Adding vagus nerve stimulation to rehabilitation improves motor dysfunction after stroke

By Wayne Kuznar, for MDLinx
Published June 1, 2018

Key Takeaways

Vagus nerve stimulation (VNS) paired with rehabilitative training may enhance recovery of forelimb rotational function after stroke, according to research published in Stroke. This VNS-dependent enhancement of recovery also generalized to a similar, untrained task.

The improvements were shown in rats in which unilateral cortical and subcortical ischemic lesions were administered, reported researchers from The University of Texas at Dallas, led by Eric Meyers, PhD. According to the authors, the findings extend the viability of VNS as a safe, effective, and robust therapeutic strategy to improve motor dysfunction after stroke.

“We find that VNS paired with rehabilitative training more than doubles recovery of supination function compared with extensive rehabilitative training alone,” the authors wrote. “Furthermore, subjects that received VNS during training on a task emphasizing forelimb supination displayed significantly improved performance on a separate task measuring forelimb strength compared with subjects undergoing training without VNS.”

The recovery of supination function was found to persist for at least 7 weeks after cessation of VNS. The authors state that this is the first evidence that a combination of VNS with rehabilitative training promotes plasticity after stroke.

“These findings support VNS therapy as an effective post-stroke intervention and provide insight into the neural mechanisms that may subserve recovery,” they added.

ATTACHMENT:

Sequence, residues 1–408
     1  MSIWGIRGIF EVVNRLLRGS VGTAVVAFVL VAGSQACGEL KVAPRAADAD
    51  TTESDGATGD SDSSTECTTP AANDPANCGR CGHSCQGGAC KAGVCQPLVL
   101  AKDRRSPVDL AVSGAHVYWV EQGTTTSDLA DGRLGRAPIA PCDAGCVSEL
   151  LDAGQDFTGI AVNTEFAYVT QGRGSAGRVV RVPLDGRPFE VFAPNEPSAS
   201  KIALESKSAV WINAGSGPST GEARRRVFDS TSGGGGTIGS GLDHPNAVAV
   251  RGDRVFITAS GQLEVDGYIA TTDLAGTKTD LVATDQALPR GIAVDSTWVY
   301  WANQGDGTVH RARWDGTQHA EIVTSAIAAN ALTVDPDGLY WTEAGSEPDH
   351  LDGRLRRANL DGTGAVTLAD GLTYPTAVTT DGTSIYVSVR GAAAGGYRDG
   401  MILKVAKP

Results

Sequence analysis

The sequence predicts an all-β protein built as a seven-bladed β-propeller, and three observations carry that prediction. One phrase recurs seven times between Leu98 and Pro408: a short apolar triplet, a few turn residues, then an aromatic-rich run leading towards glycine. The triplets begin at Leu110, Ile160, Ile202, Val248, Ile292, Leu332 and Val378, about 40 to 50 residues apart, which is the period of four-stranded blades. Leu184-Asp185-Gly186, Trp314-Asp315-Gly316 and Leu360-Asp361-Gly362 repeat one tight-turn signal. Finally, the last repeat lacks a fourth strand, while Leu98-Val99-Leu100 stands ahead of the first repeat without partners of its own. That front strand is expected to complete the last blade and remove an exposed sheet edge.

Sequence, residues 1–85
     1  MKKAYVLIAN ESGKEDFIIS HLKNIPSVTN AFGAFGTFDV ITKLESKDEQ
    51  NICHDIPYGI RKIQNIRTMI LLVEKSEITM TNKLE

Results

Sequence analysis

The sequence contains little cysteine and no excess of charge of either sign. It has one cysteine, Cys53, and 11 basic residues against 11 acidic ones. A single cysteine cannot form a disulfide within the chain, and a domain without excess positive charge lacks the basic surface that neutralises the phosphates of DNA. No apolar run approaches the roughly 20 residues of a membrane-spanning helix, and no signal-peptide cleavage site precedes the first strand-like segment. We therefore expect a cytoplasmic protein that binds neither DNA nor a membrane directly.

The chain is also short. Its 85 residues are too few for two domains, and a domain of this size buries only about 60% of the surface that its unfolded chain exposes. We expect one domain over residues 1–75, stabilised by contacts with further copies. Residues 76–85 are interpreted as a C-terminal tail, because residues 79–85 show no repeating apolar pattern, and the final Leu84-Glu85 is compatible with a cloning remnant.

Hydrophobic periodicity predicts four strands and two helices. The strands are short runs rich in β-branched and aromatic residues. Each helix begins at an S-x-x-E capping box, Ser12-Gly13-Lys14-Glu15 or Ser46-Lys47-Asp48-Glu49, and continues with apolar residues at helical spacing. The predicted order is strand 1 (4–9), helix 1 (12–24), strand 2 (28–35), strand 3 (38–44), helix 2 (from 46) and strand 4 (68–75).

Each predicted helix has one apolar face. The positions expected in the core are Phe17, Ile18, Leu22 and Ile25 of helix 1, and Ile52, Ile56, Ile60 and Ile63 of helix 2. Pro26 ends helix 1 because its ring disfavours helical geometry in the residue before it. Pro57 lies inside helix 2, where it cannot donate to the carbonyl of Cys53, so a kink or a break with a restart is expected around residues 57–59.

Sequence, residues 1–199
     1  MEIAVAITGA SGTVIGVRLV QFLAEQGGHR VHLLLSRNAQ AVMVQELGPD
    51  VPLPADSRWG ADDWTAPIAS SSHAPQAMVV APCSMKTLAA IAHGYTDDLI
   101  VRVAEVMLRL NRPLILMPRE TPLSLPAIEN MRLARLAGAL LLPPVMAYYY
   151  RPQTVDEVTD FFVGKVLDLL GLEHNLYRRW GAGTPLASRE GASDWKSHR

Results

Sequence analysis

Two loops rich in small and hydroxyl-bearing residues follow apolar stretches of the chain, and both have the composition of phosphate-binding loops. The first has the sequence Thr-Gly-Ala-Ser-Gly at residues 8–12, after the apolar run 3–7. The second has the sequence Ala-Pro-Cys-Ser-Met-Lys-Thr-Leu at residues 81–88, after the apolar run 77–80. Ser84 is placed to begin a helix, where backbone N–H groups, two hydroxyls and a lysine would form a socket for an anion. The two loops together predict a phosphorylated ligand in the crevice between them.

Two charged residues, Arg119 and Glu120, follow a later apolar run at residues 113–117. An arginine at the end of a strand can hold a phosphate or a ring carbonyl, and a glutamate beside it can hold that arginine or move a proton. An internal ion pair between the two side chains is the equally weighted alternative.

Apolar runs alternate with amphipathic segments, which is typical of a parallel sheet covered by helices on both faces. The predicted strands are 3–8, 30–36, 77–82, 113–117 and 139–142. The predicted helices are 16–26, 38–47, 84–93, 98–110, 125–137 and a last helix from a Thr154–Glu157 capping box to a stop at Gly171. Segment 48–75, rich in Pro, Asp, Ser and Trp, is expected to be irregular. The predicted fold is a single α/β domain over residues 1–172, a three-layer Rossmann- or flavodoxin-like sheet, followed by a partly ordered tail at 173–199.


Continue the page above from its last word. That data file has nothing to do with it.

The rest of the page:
For the study, 31 rats were trained on a fully automated, quantitative task that measured forelimb supination. When they were proficient at the task, unilateral ischemic lesions of primary motor cortex and dorsolateral striatum were administered.

One week later, rats were randomized to receive 6 weeks of rehabilitative training on the supination task with or without VNS. Rats then underwent 4 weeks of testing on a task assessing forelimb strength. The durability of the VNS benefits was tested on the supination task 2 months after VNS was stopped.

Ischemic lesions substantially reduced performance on the supination task. One week after lesions were administered, both groups had significant reductions in peak turn angle and success rate.

VNS plus rehabilitation significantly improved the recovery of peak turn angle compared with rehabilitation alone, consistent with an enhanced recovery of forelimb supination, the investigators found. Significantly improved performance was observed during all 6 weeks of therapy (P < 0.01). In addition, VNS plus rehabilitation improved the success rate compared with rehabilitation alone. Significant improvements occurred during all weeks of therapy.

The benefits of VNS also generalized to untrained tasks: rats that received VNS paired with rehabilitative training on the supination task performed significantly better on the isometric pull task compared with animals that underwent training alone.

Further, the benefits of VNS were maintained for multiple weeks. An additional 2 weeks of testing of the supination assessment task demonstrated no reduction in peak turn angle or success rate in the VNS plus rehabilitation group. “The durability of improvements after cessation of VNS is a key consideration in translating VNS therapy for stroke recovery to the clinic,” the researchers wrote.

VNS paired with rehabilitative training improved recovery by increasing synaptic connectivity within motor networks that control the grasping muscles of the forelimb. VNS resulted in a six-fold increase in labeled sensorimotor cortical neurons in the lesion brain hemisphere and a three-fold increase in the unlesioned hemisphere.

Loss of the ability to supinate the forearm is a major contributor to post-stroke disability, so strategies to improve recovery of forearm rotational function are critical, the authors suggest.

They concluded: “Adding VNS to rehabilitative training more than doubled recovery. These results suggest that pairing VNS with a range of rehabilitative exercises that incorporate rotational movements may be beneficial for patients.”

To read more about this study, click here

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